Thursday, December 12, 2013

Experts In The Law (part 1)

They devour widows property, and as a show make long prayers… - Luke 20:47a  (NET)

In the forty-fifth verse of chapter twenty of his Gospel, Luke informs his audience that Jesus was speaking specifically to His disciples, but that “all the people were listening.”  As these two groups of people were listening to Jesus, they heard Him say “Beware of the experts in the law” (20:46a).  This phrase, “experts in the law,” is an oft-recurring phrase in all of the Gospel accounts.  At this point in Luke’s narrative, this phrase has already been used a number of times, thus creating an expectation on the part of those that are hearing this Gospel record read aloud (most likely in a performance fashion) in a single sitting. 

The first time this phrase is heard is in the fifth chapter.  There, Jesus has healed a paralyzed man, while also informing him that his sins were forgiven (5:20).  Without going in to all of the nuances of what was connoted by talk of the forgiveness of sins in first century Jewish thought, Jesus’ statement prompts a response on the parts of the “experts in the law and the Pharisees” (5:21a), as they “began to think to themselves, ‘Who is this man who is uttering blasphemies?  Who can forgive sins but God alone?’” (5:21b) 

To that thought must be added the fact that the Temple in Jerusalem, with its attendant priesthood, was understood to be the place of the Creator God’s mediation of the forgiveness of sins.  Therefore, Luke is communicating through his record of Jesus’ words and actions (with this record coming post-crucifixion and Resurrection) , that Jesus is seemingly offering implicit information about His own mission and the way that He perceives Himself. 

As a presumed forgiver of sins, Jesus is blatantly (and purposely) usurping the role of the Temple and the priests (Luke’s record indicates that Jesus will have much to say about the Temple and its leaders), while becoming a threat to the livelihood of those who managed the Temple.  This usurpation is also a commentary on the legitimacy and need for the Temple.  Thus, the reaction of the experts in the law and the Pharisees cannot be disconnected from this commentary on the Temple, which these two groups, in many ways, served and legitimated.  By calling the Temple itself into question through His actions and His mediation of forgiveness, Jesus is calling into question the roles of the experts in the law and the Pharisees as well.  This creates a charged situation and introduces a new dynamic into the culture.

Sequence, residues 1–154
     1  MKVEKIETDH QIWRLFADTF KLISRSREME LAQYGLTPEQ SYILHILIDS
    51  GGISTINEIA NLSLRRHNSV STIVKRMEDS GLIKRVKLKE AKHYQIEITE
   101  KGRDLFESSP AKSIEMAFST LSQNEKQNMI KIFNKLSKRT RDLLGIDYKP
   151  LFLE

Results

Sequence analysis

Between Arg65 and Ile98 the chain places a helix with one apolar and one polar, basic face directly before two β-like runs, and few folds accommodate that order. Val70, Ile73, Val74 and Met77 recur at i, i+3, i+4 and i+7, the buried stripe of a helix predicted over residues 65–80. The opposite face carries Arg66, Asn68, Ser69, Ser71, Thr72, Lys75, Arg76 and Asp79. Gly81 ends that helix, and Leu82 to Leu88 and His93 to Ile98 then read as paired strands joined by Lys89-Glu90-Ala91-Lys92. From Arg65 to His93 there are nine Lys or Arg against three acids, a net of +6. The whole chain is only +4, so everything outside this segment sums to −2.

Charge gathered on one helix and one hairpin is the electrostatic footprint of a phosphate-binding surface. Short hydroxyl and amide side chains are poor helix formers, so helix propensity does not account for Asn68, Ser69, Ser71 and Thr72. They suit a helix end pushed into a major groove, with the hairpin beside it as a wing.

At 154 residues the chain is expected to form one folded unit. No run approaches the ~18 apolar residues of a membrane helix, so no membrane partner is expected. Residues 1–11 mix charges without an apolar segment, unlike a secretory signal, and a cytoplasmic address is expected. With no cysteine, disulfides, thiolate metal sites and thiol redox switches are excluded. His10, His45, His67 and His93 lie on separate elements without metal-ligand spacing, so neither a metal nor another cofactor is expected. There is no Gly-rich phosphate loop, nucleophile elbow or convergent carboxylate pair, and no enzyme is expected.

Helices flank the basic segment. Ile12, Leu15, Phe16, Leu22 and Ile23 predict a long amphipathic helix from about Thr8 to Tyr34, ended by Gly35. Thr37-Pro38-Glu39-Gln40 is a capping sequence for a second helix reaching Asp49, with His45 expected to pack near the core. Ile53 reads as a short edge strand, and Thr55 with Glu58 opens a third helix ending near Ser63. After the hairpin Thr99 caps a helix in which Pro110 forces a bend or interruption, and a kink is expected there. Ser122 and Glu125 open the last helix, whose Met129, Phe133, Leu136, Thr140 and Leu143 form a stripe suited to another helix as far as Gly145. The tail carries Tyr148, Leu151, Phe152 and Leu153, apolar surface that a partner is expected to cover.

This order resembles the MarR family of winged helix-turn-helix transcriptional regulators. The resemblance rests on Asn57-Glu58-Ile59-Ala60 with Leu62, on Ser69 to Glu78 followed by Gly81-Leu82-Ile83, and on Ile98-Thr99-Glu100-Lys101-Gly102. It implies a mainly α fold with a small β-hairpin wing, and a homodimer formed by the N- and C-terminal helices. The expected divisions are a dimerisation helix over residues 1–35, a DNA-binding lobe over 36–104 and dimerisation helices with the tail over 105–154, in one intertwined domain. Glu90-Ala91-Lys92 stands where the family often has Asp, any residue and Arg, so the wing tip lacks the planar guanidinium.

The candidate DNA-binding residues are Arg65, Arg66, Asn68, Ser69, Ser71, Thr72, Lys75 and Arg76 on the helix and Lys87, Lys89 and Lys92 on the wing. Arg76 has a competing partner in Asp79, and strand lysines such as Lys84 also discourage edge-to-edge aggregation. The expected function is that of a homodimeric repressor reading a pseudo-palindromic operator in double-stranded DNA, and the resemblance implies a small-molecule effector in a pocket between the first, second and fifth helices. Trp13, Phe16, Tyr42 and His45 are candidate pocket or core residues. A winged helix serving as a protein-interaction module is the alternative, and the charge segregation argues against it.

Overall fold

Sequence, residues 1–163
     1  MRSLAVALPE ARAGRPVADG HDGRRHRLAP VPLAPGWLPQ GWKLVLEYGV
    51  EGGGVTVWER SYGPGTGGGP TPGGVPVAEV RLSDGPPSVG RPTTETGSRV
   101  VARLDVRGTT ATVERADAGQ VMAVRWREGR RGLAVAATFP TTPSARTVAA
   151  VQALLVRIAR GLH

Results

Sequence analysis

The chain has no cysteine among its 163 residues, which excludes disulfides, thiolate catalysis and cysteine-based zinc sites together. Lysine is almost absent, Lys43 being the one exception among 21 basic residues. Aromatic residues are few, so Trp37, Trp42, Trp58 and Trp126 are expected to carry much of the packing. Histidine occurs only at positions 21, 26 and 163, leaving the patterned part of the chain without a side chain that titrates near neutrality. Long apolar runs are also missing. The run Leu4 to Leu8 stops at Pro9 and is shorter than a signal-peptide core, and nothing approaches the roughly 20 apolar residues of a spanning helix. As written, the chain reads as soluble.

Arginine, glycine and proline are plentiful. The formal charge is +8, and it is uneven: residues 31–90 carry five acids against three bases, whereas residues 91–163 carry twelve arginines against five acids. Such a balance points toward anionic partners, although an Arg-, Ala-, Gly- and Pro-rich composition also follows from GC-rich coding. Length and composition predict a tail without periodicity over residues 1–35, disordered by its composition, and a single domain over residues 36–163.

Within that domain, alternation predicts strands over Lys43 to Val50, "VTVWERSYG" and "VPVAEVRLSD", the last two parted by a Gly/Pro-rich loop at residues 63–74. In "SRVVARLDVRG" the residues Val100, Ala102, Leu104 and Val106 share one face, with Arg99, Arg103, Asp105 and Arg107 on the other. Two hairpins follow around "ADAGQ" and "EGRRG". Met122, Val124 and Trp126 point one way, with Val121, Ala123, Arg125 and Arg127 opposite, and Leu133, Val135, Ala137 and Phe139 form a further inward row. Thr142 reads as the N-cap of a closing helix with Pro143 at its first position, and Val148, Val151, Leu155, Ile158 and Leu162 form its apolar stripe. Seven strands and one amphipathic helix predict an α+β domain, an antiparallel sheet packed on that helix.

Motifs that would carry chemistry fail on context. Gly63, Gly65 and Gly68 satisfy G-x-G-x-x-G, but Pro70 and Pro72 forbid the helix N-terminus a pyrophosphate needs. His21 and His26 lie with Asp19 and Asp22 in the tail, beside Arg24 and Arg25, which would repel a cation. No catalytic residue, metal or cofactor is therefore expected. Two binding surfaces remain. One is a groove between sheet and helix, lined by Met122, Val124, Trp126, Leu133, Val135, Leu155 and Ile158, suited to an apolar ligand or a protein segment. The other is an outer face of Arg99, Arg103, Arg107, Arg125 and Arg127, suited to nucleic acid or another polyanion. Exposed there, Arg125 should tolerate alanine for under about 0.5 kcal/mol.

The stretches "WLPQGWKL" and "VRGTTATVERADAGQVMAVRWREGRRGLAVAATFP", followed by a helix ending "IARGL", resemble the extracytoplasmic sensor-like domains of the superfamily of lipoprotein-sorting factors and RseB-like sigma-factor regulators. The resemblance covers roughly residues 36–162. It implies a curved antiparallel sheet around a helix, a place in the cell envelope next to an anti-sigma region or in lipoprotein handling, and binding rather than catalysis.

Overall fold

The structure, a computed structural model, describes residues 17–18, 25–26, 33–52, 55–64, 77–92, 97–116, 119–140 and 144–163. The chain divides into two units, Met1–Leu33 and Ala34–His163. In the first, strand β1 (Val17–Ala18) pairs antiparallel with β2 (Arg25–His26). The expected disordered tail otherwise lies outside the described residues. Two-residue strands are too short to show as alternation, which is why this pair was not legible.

Now, just in case His words and actions of healing and forgiveness were not quite explicit enough, and just in case the challenge that He was offering to the Temple (which would have been well understood by Luke’s Jewish hearers) was not overt enough, Jesus adds “so that you may know that the Son of Man has authority on earth to forgive sins” (5:24a).  So not only is Jesus acting in a messianic fashion, stoking hopes of rebellion and revolution and the overthrow of Rome that will bring an end to the occupation of Israel and thus making Himself a target for the empire, Jesus is making Himself a target for the Temple regime as well. 

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